Problem & Solution Sheet

    Internet Sites: http://rubistar.4teachers.org

      http://www.getepic.com

      http://www.viewpure.com

    Book:  Any Cinderella text

    Cinderella Stories from Countries Around the World

    • Domitila:  A Cinderella Tale from the Mexican Tradition  by Jewell Reinhart Coburn
    • The Korean Cinderella by Shirley Climo
    • The Persian Cinderella by Shirley Climo
    • The Irish Cinderlad by Shirley Climo
    • The Egyptian Cinderella by Shirley Climo
    • Yeh-Shen: A Cinderella Story from China  by Ai-Ling-Louie
    • Cinder Edna by Ellen Jackson
    • Cinder-Elly  by Frances Minters
    • Prince Cinders by Babette Cole
    • Rough Faced Girl by Rafe Matin and David Shannon
    • Cinderella by Grimm Brothers

    Learning Tasks and Practice

    Day 1: Any version of a Cinderella text

    Building Background: What connections can you make to this selection?  (text-to-text, text-to-self, text-to-world)  

    The teacher asks the class:  Cinderella- Ever hear of that word?  What do you know or have heard about Cinderella?  Is Cinderella a Person, Place or Thing? (prompting students for answers)   

    Using chart paper write their responses on paper.  Some students might answer: Cinderella is a person who is poor and goes to a fancy ball and the pumpkin turns into a carriage.  The teacher can use the internet to show pictures of these images by using Google Search. For English Language Learners (ELL), the images of Cinderella will help with gaining the understanding of the unknown terms in text. 

    The teacher will start by asking the class:  What is a folktale?  Teacher records the students answers on chart paper so that it can be referred back to at a later date in lesson.   A folktale is a story handed down from generation to generation usually by oral retelling with a basis in events that are true to life or nature.  Folktales usually have one character that is wicked and one character that is good and the goodness gets rewarded in the story, such as Cinderella and Snow White.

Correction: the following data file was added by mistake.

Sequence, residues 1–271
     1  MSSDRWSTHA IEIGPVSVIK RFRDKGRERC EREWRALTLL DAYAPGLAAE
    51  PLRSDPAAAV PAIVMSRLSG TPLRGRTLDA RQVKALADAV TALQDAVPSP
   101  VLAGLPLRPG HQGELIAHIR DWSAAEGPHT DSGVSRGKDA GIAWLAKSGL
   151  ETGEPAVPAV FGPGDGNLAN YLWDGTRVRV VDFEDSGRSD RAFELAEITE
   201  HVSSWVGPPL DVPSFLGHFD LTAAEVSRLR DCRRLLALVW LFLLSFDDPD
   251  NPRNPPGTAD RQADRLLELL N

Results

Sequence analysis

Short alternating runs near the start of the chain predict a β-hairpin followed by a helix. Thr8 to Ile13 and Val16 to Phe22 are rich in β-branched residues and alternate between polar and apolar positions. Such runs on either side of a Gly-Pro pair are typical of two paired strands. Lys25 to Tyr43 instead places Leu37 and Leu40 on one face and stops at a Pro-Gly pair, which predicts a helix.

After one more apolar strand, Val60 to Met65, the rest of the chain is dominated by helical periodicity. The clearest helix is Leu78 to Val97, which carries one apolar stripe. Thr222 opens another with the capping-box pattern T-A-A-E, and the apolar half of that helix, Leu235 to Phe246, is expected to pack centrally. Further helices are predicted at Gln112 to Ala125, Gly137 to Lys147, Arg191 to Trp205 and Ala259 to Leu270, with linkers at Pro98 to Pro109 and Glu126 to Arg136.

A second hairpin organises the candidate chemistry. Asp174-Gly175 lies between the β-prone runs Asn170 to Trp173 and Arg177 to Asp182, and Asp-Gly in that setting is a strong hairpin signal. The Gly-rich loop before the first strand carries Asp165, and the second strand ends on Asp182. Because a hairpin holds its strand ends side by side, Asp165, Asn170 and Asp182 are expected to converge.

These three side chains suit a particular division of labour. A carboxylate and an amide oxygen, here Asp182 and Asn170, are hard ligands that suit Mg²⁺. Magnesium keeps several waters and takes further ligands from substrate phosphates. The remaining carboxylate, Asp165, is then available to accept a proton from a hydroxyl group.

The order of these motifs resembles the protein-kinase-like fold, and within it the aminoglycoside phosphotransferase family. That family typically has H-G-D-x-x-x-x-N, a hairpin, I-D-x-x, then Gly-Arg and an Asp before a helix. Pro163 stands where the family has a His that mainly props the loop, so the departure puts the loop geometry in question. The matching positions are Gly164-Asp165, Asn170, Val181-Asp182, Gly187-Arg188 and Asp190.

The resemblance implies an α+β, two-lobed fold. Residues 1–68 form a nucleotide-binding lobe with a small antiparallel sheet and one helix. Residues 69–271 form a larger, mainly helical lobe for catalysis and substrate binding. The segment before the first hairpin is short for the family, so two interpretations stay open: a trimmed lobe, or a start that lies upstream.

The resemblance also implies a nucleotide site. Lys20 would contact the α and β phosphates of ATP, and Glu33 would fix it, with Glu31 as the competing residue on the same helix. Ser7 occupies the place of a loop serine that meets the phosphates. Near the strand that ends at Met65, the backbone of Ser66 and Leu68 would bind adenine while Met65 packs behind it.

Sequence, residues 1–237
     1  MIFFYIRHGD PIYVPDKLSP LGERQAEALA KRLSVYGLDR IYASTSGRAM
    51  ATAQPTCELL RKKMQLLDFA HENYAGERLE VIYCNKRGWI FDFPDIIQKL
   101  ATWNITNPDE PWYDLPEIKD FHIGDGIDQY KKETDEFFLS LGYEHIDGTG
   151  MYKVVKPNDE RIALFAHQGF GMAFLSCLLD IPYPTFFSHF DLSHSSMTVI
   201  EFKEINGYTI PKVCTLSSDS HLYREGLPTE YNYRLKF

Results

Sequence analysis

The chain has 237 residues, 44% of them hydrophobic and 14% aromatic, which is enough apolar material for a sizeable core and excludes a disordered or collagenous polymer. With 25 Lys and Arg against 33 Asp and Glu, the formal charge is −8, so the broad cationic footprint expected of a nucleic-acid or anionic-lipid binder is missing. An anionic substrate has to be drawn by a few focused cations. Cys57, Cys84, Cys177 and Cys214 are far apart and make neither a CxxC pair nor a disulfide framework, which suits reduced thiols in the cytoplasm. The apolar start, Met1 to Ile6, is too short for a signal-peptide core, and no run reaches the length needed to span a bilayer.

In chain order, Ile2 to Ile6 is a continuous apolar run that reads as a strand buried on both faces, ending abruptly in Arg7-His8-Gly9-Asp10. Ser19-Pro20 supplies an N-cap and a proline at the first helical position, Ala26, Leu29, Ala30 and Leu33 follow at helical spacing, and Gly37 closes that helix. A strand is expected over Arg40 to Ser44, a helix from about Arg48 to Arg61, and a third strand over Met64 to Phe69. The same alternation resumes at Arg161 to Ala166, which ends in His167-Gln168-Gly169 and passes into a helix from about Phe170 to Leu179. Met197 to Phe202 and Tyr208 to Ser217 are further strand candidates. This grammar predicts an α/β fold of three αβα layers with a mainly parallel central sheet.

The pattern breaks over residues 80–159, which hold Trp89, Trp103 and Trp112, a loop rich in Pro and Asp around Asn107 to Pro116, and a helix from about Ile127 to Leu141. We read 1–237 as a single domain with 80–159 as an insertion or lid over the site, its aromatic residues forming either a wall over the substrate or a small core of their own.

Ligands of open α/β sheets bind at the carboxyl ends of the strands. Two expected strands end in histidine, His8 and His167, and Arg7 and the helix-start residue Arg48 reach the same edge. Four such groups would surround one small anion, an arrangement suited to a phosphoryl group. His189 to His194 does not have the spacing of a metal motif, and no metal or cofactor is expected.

The teacher will introduce the vocabulary words in the book to the class which are: slipper, bedaubed, wand, mouse-colored, pumpkin, dapple-gray, godmother, pinner, lace up, stomacher, citron, jestingly, coachman, headdress, uncivil, ironed, collation, petticoat, and awry.   

    Next, the teacher will then show the full cover of the book around the classroom asking probing questions such as:  What do you see on this book cover?  Can someone describe in details?  

    Who do you think this person/character is in related to the story?  (Depending on the Cinderella text the questions will vary)

    The teacher will read the title of the book, Cinderella, and ask the following guided questions to the class:  Who is Cinderella and what is her job?  How many daughters does Cinderella's stepmother have in this story?  The teacher can either have students write down answers to the guided questions or answer orally.  If the teacher chooses to have students write on paper, have the students use a yellow highlighter to trace over their answers.  (Highlighting prevents students from going back and changing the answers)

    The teacher will start to read the story to the class and stop at certain points to discuss the beginning events of the story.  The teacher will continue this procedure while reading the middle of story and continuing on to the ending.   (Since the focus question for the day is to describe what happens in the story the class might not finish reading the text due to time constraints which is fine and can be concluded the next teaching day.) Our goal is for the students to gain understanding of the overall structure of the story.